'Thank you, America': Vietnam native reflects on the war 50 years later
By BRANDI BOTTALICO | The Capital, Annapolis, Md. (Tribune News Service) | Published: May 9, 2015
Ted Nguyen had one message to share April 22 — 40 years to the day he escaped from his native South Vietnam.
"Thank you, America."
During the Vietnam War, the Annapolis resident was an Army captain in charge of telecommunications for the South Vietnamese government, which was supported by the United States and other anti-communist allies.
"We fought with the Americans … so they bring me here. They say, 'Ted, if you get stuck in Vietnam, you get killed,'" said Nguyen, 75, who shared his story with The Capital last month.
On the 50th anniversary of the U.S. involvement in the Vietnam War, Nguyen and other veterans are recalling their last frantic days in Saigon and tours of duty throughout the war. Among other commemorations, PBS has been airing the Academy Award-nominated documentary film "Last Days in Vietnam."
"Fifty years ago, you didn't tell anybody you are a Vietnam veteran," said Rayfield Purnell, of the Vietnam Veterans of America Baltimore chapter. "The American public has changed."
Forty years ago, the war raged as the Army of the Republic of Vietnam made a last-ditch effort to block the North Vietnamese Army advance on Saigon. On April 21, 1975, the exhausted garrison of Xuan Loc surrendered. The president of South Vietnam resigned the same day and later departed.
"By then, everyone in Saigon knew the war was lost and to stay meant to be sent to camps of re-education or worse," Nguyen said. "The people around us spoke of executions and what the communists would do to their children."
Nguyen said as Americans were fleeing, he and his wife sought to give their three children up to soft-hearted Americans for a secure life beyond Saigon through Operation Babylift, an American mission to airlift children out of the country. But they were told the operation was canceled after one of the flights crashed, killing many on board.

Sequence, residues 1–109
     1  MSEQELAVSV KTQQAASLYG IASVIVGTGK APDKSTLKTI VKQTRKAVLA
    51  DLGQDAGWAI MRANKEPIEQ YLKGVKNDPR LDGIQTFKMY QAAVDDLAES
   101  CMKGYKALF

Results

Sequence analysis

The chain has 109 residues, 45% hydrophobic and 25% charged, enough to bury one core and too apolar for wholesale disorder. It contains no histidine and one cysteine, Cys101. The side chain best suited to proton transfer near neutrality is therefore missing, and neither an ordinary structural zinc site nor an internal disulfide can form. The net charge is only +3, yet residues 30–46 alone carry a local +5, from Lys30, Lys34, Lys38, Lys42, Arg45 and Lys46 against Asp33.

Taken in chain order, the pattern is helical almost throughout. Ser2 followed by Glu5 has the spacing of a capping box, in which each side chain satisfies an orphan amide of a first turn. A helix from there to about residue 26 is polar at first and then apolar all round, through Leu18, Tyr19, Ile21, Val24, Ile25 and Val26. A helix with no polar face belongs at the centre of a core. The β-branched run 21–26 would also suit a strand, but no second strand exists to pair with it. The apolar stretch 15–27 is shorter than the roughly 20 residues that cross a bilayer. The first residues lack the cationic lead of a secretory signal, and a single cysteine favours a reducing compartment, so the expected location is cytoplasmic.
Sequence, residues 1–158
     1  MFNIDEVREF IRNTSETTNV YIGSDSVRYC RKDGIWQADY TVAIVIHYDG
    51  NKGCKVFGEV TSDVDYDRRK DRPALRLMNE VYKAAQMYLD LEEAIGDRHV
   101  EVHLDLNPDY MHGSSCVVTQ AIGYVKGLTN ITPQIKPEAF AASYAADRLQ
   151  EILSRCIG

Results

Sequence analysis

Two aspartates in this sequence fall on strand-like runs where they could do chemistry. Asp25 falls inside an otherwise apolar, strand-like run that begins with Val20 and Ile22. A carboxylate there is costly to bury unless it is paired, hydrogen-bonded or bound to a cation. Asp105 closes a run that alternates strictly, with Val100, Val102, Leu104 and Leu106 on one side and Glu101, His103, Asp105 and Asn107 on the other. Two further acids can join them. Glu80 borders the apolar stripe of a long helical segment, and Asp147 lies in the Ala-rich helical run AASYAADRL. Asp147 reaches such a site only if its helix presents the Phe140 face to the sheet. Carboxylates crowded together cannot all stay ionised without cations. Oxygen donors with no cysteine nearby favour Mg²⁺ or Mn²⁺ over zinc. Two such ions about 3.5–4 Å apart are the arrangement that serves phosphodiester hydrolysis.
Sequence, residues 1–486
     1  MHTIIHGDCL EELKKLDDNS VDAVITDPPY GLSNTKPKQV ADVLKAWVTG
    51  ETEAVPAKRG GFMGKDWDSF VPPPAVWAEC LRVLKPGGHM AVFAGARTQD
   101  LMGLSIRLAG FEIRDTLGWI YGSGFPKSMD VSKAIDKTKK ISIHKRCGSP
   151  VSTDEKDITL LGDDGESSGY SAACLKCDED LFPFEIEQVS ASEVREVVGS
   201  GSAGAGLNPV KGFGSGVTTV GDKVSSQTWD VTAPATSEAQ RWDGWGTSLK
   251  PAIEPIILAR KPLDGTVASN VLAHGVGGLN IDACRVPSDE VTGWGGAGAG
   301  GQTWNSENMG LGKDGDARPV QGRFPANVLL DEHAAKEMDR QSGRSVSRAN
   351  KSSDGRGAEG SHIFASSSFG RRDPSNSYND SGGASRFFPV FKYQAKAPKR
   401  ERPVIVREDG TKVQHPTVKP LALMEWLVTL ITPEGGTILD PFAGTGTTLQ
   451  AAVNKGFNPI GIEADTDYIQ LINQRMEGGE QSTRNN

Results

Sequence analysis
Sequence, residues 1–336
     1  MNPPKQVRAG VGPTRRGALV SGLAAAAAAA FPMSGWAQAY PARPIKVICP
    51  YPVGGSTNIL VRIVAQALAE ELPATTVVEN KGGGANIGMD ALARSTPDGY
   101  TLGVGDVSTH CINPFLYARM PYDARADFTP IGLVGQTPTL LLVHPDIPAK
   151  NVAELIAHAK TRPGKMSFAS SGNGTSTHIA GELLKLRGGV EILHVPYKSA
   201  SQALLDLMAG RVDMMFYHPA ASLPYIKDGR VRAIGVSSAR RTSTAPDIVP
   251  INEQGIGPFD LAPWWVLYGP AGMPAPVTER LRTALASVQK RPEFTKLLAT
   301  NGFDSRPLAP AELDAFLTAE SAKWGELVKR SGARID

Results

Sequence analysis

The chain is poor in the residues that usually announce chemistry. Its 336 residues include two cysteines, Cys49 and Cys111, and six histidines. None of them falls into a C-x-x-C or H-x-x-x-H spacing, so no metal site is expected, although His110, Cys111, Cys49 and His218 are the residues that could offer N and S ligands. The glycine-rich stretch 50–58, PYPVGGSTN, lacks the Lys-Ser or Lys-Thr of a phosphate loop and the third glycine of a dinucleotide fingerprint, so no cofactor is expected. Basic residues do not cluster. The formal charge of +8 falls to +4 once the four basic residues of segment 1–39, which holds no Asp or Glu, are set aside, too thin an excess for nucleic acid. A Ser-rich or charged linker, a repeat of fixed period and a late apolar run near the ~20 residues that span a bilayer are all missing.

But they were able to get affidavits of support from Nguyen's brother, a naturalized citizen of the United States residing in California, sent to the U.S. Embassy in Saigon. Nguyen and his family rushed to the airport in military evacuation buses for what Nguyen described as the "most hair-raising ride" of his life.
As desperate Vietnamese looking to escape crowded the streets, the panic stricken driver hit something, possibly a person, Nguyen remembers. And the airport was also surrounded by thousands of Vietnamese.
The Nguyens were on the edge of their futures. If the bus were to stop for any reason, they would likely end up in concentration camps and tortured because he supported the Americans with the South Vietnamese government, he said.
But they made it and watched Saigon fade in the distance, staring at the city for one last time.
"Saying goodbye to our land was the saddest moment of our final hours in Vietnam," he said. "My wife and I glanced at each other with tear-filled eyes for a long time. We are all being lifted heavenward to safety. I knew I was living a moment in history with my wife and my three children."
Their journey brought them to an Air Force base in the Philippines, then to Guam and then to California. Once in the United States, they went to Omaha, Nebraska, for three months to look for work before soldiers were able to get him a job at the Naval Academy and they moved to Annapolis.
"Americans are very generous," he said. "They gave us opportunity."
Nguyen worked at the Naval Academy mess hall as an operation manager for 10 years, he said. Then he worked as a manager at McDonald's on West Street for 22 years before retiring.
He is proud of his three children, two of whom have degrees in engineering and one in sociology, he said.
"We came to this land as refugees of war with a pair of empty hands and a bag full of broken dreams," Nguyen said. "Now we are in paradise not because of its beauty or richness, but because of its people, the compassionate and generous Americans who took us in 38 years ago and healed our souls and restored our faith in humanity."
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FILE - In this Tuesday, April 29, 1975 file photo, U.S. Navy personnel aboard the USS Blue Ridge push a helicopter into the sea off the coast of Vietnam in order to make room for more evacuation flights from Saigon. The helicopter had carried Vietnamese people fleeing Saigon as North Vietnamese forces closed in on the capital. (AP Photo/File)